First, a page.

Did you know that our tax code is over four million words long, or more than 10 times the size of the Bible? With roughly 4,400 changes in the last decade, our complex code makes filing taxes a daunting task for millions of Americans each year. To avoid missing out on a tax credit or making a mistake that would trigger a fine, or worse, an audit, Americans end up spending some $160 billion complying and lose 6 billion hours working through the rules and regulations of the code annually.
Fortunately, there are tax assistance programs and resources that can help you navigate the burdensome tax code. With less than two weeks until your tax returns are due, make sure you know about these helpful programs as you file. For individuals who make $58,000 or less, the Free File Program provides free access to online tax preparation through some of the most well-known tax software companies like TurboTax and HR Block. Over 100 million taxpayers are eligible to benefit from this service which is why I introduced legislation to make the Free File Program permanent. It is a win-win for everyone – taxpayers have already saved a total of $1.1 billion since the program’s start in 2003 while costing the federal government nothing.
There are also programs that provide in-person help to Americans that qualify. The Volunteer Income Tax Assistance (VITA) Program sets up free tax return preparation between certified volunteers and taxpayers making $52,000 or less. Working with one of these professionals can help individuals navigate the tax code, and potentially save hundreds of dollars in the process. For taxpayers 60 years old or older, the Tax Counseling for the Elderly (TCE) Program provides a similar service to VITA, matching qualified volunteers who are experts in pension and retirement issues with older Americans. VITA and TCE sites can be found all over the Sixth District – from Naperville to Barrington – and can also be found by calling 800-906-9887 and 888-227-7669, respectively.
This tax season, it is important to take caution and be wary of tax-related scams. It is incredibly easy for a fraudster to file a fake tax return – for simple scams, all they need is your Social Security Number and name. For this reason, identity theft and other fraud schemes have spiked in the past year. But there are ways to protect yourself: make sure you know and trust a person before you give them personal information, including your tax preparer; check your credit score regularly; and if you are ready to file online, make sure that you are not using an open, unprotected Wi-Fi connection.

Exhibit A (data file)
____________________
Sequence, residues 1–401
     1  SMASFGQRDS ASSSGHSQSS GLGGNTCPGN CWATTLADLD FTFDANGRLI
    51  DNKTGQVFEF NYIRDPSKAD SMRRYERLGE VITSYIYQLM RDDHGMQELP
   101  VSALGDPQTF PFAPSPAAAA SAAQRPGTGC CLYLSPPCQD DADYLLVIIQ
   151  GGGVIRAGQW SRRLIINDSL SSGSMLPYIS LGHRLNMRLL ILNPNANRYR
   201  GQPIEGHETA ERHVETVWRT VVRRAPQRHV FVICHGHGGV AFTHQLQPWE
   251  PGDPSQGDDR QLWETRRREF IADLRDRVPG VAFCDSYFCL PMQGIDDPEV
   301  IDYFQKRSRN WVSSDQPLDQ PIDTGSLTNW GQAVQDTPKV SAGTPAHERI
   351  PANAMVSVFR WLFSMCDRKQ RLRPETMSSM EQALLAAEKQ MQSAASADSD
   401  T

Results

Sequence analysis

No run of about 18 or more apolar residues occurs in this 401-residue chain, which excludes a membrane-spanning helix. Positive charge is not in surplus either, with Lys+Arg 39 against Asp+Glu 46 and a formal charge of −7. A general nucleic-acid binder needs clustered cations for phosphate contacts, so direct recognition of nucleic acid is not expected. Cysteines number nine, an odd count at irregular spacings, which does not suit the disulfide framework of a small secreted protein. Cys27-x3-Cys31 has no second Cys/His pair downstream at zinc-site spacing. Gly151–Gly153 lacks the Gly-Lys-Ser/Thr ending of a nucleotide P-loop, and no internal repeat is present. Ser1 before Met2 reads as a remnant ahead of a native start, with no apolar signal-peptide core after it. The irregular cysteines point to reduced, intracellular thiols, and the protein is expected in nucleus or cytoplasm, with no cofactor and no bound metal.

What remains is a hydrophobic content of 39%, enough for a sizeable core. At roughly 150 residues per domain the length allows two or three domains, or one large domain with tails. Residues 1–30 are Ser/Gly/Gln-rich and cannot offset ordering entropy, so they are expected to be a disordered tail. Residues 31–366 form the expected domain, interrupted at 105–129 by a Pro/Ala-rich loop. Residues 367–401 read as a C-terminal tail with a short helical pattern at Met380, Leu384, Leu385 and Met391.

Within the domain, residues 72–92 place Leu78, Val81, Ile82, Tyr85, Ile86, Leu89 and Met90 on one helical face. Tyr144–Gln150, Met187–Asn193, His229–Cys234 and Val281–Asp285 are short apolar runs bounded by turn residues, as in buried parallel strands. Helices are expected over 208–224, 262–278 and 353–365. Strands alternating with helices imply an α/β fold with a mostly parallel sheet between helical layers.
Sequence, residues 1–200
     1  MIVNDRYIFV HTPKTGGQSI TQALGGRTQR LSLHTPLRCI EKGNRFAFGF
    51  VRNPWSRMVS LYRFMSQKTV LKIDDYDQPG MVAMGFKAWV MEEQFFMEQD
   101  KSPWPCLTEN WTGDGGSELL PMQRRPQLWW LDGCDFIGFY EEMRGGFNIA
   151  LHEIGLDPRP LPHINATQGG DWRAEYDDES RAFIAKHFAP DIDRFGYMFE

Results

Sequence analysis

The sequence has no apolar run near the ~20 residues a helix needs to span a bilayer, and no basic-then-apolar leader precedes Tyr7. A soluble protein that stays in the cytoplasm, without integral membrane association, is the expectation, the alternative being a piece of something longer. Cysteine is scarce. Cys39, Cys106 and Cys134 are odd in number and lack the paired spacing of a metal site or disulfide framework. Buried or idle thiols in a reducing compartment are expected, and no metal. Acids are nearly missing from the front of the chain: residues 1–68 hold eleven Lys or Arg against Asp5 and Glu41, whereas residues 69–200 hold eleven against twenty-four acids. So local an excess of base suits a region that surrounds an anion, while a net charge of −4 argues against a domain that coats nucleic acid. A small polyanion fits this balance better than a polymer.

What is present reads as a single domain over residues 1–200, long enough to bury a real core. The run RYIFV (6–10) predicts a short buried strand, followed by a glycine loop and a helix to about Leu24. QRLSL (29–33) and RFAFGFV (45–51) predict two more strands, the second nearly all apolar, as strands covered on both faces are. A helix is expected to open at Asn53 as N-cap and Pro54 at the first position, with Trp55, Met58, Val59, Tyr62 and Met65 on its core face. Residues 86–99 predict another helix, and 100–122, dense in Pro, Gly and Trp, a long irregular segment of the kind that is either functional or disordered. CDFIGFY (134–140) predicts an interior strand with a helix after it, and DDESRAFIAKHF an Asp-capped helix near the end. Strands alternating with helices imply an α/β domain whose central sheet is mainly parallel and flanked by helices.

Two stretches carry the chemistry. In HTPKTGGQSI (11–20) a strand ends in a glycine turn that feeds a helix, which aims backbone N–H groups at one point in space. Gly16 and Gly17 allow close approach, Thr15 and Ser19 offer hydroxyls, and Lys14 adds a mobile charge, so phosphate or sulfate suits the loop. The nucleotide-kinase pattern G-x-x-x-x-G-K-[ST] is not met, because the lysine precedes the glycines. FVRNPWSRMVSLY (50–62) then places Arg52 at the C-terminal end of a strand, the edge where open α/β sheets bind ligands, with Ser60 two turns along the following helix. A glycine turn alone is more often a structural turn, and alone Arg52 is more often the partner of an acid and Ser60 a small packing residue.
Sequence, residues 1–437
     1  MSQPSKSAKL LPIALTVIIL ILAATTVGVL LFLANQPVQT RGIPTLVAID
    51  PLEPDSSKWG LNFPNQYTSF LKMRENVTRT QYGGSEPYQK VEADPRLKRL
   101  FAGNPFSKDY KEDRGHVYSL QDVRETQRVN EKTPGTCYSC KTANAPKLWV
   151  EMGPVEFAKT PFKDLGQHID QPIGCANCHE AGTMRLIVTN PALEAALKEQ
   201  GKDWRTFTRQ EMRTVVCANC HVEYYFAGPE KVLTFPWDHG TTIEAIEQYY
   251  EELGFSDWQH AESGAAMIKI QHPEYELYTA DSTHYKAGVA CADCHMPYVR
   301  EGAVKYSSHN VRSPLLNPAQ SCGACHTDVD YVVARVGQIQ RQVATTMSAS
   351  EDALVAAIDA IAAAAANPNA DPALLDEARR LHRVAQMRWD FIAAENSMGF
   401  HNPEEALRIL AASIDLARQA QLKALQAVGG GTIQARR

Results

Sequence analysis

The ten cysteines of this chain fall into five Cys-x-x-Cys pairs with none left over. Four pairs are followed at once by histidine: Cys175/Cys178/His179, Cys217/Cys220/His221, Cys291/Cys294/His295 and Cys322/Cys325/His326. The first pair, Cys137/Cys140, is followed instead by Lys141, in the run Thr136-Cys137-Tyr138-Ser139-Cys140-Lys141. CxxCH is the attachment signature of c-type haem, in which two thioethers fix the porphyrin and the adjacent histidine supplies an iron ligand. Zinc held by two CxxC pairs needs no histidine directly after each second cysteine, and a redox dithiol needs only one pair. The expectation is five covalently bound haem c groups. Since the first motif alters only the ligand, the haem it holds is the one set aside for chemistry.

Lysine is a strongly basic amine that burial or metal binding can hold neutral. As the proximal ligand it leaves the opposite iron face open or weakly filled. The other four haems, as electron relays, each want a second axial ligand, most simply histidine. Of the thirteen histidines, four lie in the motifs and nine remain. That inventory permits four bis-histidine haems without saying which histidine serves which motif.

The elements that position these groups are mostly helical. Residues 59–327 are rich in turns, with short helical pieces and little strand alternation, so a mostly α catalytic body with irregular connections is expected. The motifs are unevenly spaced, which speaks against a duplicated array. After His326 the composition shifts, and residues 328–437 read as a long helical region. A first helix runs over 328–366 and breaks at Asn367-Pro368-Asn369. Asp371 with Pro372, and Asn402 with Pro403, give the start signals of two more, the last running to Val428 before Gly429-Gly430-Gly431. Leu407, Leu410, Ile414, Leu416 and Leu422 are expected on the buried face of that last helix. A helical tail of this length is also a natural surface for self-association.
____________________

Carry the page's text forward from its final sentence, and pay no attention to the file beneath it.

Fake communications from the IRS are another common form of scam. The IRS will never initiate contact with a taxpayer electronically, only through the mail. If you do receive a notice in the mail from the IRS that reports your wages, benefits or any other sensitive information incorrectly, or if you believe you’ve been a victim of identity theft, contact the IRS Identity Protection Specialized Unit at 800-908-4490, extension 245, as soon as possible.
April 15 is less than two weeks away, so make sure you’re prepared. Take time to double-check all the paperwork before singing anything. And don’t forget to file your return – in 2010 alone, the IRS reported a shocking $760 million in unclaimed refunds. For people who feel they cannot file by the deadline, request a filing extension to avoid fines. If a refund is expected, the fastest way to receive it is to file tax returns online and use the direct deposit option.
For more tips and resources, feel free to contact my office at 2700 International Drive, Suite 304, West Chicago, IL 60185, or by calling 630-232-0006.
U.S. Rep. Peter Roskam, R-Wheaton, represents Illinois' 6th District